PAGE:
According to early plans, the airport was to be a built in Vostochny during the "preparatory phase" of the center's development, even ahead of the first launch pad. However problems started long before workers had a chance to break ground at the facility.
In May 2012, the Federal Aviation Agency, Rosaviatsiya, refused to lead the construction of the airport. The agency's head Aleksandr Neradko wrote to the Minister of Defense Anatoly Serdyukov that the 27.9-billion-ruble airfield infrastructure had been severely underpriced (apparently by the main military contractor, Spetsstroi). It was apparently a typical situation for the entire Vostochny project, since the Russian space agency, Roskosmos, has been locked in a similar battle with Spetsstroi for years over other infrastructure at the center. (594)
As of beginning of 2013, the construction at the site of the future airport was promised to start instantly and the first plane was scheduled to land there in 2015. However by that year, the facility still did not exist. Later promises to start the project in 2014, also did not materialize.
By the end of 2013, satellite imagery showed what looked like tree clearing for the access road leading to the site, with some extension of the road appearing on photos from space by the end of 2014.
More than seven years after the approval of the Vostochny project, this expensive piece of infrastructure was apparently overshadowed by many other priorities within the massive project, such as the launch pad, the processing facility and the residential area. On June 5, 2015, the head of Roskosmos Igor Komarov told journalistis that the construction of the airport had been finally starting.
In November 2015, Komarov said that plans had been made to develop the airport in Vostochny jointly with the Russian oil and gas giant Gazprom and to "optimize" the expenses for the project.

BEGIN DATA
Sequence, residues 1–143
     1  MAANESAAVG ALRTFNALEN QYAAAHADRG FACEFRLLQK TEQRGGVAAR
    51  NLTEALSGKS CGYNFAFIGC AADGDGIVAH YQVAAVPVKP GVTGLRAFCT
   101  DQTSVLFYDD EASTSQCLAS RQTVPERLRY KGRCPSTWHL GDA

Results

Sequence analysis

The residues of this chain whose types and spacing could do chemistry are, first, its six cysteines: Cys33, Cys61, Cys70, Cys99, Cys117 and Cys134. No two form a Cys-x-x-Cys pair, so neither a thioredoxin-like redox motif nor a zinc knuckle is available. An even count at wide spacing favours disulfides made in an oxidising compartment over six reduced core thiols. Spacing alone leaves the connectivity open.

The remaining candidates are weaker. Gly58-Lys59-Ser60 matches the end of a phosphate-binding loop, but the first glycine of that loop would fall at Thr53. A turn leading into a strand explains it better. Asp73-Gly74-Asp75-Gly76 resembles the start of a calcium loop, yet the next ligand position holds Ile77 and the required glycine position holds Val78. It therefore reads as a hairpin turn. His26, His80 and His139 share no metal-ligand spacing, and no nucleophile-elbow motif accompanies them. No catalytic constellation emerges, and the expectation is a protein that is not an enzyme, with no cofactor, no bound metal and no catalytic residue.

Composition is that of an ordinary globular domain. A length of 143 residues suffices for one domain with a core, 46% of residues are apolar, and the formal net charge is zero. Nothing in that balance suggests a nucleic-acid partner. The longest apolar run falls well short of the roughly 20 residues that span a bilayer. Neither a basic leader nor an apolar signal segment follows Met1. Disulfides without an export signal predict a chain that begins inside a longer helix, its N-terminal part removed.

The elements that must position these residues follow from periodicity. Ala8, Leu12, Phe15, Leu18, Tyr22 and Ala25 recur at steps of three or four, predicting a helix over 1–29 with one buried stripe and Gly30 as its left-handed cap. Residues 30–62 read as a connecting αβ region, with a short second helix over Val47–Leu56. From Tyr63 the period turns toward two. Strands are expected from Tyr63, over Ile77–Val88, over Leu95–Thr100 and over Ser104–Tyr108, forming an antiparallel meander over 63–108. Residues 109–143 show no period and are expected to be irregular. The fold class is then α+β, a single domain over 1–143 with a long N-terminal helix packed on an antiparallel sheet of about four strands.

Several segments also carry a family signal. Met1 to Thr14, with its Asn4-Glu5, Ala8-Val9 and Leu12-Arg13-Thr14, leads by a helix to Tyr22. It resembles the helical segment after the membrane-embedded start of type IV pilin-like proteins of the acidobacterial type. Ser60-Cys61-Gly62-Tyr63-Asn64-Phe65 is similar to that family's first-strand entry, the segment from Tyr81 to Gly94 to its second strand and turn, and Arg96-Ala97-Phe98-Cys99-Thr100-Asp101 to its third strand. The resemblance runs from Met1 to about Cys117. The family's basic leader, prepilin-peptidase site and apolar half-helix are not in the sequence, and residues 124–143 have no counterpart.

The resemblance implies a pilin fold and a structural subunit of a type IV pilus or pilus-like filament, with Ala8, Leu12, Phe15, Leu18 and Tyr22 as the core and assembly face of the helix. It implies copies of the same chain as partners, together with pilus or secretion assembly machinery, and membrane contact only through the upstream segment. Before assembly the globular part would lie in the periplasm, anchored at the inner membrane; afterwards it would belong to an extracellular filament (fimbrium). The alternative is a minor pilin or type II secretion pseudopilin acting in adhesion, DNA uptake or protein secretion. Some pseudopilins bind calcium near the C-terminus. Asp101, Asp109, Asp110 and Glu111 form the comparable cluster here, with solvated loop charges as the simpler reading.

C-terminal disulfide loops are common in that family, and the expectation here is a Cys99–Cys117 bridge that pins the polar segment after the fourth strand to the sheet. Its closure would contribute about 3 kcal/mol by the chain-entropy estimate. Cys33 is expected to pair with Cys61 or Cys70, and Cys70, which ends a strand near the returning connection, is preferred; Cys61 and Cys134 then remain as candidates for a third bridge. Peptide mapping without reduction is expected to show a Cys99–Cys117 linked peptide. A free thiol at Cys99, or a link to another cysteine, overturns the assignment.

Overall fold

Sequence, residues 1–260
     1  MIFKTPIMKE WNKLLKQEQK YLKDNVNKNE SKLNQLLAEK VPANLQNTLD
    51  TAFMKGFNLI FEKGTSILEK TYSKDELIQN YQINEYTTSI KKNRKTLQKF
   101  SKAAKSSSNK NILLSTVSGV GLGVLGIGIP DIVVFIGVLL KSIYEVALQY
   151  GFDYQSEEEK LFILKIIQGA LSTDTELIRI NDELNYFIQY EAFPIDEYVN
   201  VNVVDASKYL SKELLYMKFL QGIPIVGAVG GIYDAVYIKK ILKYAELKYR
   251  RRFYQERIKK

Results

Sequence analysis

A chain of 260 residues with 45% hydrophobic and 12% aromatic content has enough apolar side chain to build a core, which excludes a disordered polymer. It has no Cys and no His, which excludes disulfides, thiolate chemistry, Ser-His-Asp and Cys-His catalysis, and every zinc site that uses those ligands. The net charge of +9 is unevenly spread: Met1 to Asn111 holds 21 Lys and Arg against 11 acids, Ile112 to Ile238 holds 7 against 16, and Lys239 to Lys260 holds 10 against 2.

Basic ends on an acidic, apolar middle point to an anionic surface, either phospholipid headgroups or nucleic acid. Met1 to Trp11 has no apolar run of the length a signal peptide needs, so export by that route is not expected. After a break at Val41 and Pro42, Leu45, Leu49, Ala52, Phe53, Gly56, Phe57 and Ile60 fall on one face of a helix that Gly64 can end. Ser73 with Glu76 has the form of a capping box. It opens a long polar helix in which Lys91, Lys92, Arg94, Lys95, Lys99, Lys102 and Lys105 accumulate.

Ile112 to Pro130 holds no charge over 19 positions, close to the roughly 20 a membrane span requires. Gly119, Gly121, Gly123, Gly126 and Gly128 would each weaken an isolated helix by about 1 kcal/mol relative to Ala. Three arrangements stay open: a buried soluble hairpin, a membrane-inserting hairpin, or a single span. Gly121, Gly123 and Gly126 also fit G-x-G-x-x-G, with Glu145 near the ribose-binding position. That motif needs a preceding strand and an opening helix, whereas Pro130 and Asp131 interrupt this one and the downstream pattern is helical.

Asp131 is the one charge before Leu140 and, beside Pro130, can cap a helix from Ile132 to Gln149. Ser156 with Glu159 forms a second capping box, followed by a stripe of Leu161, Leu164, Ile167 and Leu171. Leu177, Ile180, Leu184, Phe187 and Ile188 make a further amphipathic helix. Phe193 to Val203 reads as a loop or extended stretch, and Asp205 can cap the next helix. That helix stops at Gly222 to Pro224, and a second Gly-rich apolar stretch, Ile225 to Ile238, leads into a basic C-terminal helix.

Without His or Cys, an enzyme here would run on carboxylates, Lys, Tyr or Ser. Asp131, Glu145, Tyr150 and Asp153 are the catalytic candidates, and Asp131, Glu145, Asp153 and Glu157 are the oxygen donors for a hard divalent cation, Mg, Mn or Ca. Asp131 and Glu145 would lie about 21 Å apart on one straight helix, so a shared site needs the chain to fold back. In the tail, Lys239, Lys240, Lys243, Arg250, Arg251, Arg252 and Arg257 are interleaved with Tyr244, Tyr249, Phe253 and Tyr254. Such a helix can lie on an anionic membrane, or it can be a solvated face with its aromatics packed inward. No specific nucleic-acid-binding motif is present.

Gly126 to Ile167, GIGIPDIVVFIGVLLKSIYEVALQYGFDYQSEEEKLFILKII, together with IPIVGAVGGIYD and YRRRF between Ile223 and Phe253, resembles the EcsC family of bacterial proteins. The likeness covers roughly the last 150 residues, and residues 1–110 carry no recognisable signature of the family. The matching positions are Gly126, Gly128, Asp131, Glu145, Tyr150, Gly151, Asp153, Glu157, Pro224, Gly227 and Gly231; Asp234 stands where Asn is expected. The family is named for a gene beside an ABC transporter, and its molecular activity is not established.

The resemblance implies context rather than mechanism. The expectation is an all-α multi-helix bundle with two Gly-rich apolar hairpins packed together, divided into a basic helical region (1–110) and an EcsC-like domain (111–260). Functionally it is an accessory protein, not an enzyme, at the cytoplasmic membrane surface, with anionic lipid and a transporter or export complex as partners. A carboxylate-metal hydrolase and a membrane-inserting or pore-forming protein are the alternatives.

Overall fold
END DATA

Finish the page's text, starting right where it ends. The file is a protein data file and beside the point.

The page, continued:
Despite long delays with construction, the project officials were concerned about recruiting enough qualified personnel in the region to stuff such a super-modern facility. They considered a special training program at one of the aviation institutions in the country for students from the area to grow cadre for the Vostochny airport. (679)
In June 2016, the head of TsENKI, the launch infrastructure division at Roskosmos, Rano Dzhuraeva told the official TASS news agency that funding for the airport had been allocated within the (yet-to-be approved) launch infrastructure budget and the facility would be completed in 2018, or three years behind the original schedule.
In September 2020, Head of Roskosmos Dmitry Rogozin promised to complete the airport in 2023 and connect the facility to the rest of the launch site with an ultra-modern tram line which would be used to transport cargo and passengers. Rogozin did not say what kind of engine system would be used on the tram line or provided any other technical details on the vehicles but said that they would be built at the Ust-Katav Wagon Plant, UKVZ, which is a part of the Roskosmos State Corporation. However, within weeks, the Russkiy Kosmos, Roskosmos' official publication, carried an interview with Sergei Kostarev, Deputy Director at the State Corporation's TsENKI ground infrastructure division, where he disclosed that the construction of the airport in Vostochny would not be completed until 2024.
Airport in Vostochny as seen from the ISS in 2022.
On February 21, 2021, Rogozin announced that the tree removal for the airport construction had just started aiming at clearning the site before Spring flooding. On Nov. 10, 2021, he promised the first landing at the new runway "on the brink of 2022 and 2023." But at the end of March 2022, Rogozin said that the runway would be ready during that year.
A modern airfield capable of receiving heavy transport aircraft was one of the first facilities to be constructed in Vostochny. Credit: Roskosmos
The main passenger terminal at Vostochny airport was designed in the form of a bat. Once completed, it will become main gateway to Vostochny for numerous specialists and officials from European Russia. Credit: Roskosmos
...Even more important would be cargo terminal in Vostochny to receive hardware built primarily in European part of Russia. Credit: Roskosmos
With the opening of an airport in Vostochny, Russian contractors could rely on Il-76 transport planes to deliver most urgent cargo to the space center. Click to enlarge. Copyright © 2013 Anatoly Zak
The airport in Vostochny would have to be expanded from its original design to receive the world's largest aircraft, such as this Ukrainian An-225 originally built for the Buran program and capable of bringing big rocket components or other cargo reaching 200 tons from European Russia. Click to enlarge. Copyright © 2001 Anatoly Zak
Ultimately, the airport in Vostochny could also see returning stages of reusable rockets. Click to enlarge. Copyright © 2001 Anatoly Zak
Currently studied reusable rocket system, MRKS, based in Vostochny would be equipped with a pair of boosters featuring folding wing and designed to land horizontally on the runway in Vostochny in a short sequence. Click to enlarge. Copyright © 2013 Anatoly Zak